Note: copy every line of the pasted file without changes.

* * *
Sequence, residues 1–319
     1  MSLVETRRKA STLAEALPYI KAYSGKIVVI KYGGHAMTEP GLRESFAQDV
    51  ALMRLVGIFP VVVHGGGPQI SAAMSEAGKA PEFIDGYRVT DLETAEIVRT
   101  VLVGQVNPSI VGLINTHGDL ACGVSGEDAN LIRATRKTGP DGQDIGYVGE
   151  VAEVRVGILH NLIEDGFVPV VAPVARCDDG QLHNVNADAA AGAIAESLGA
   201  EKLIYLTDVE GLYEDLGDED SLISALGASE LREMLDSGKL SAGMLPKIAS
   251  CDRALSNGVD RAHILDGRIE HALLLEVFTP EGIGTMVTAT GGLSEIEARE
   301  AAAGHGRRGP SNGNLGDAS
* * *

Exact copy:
Sequence, residues 1–319
     1  MSLVETRRKA STLAEALPYI KAYSGKIVVI KYGGHAMTEP GLRESFAQDV
    51  ALMRLVGIFP VVVHGGGPQI SAAMSEAGKA PEFIDGYRVT DLETAEIVRT
   101  VLVGQVNPSI VGLINTHGDL ACGVSGEDAN LIRATRKTGP DGQDIGYVGE
   151  VAEVRVGILH NLIEDGFVPV VAPVARCDDG QLHNVNADAA AGAIAESLGA
   201  EKLIYLTDVE GLYEDLGDED SLISALGASE LREMLDSGKL SAGMLPKIAS
   251  CDRALSNGVD RAHILDGRIE HALLLEVFTP EGIGTMVTAT GGLSEIEARE
   301  AAAGHGRRGP SNGNLGDAS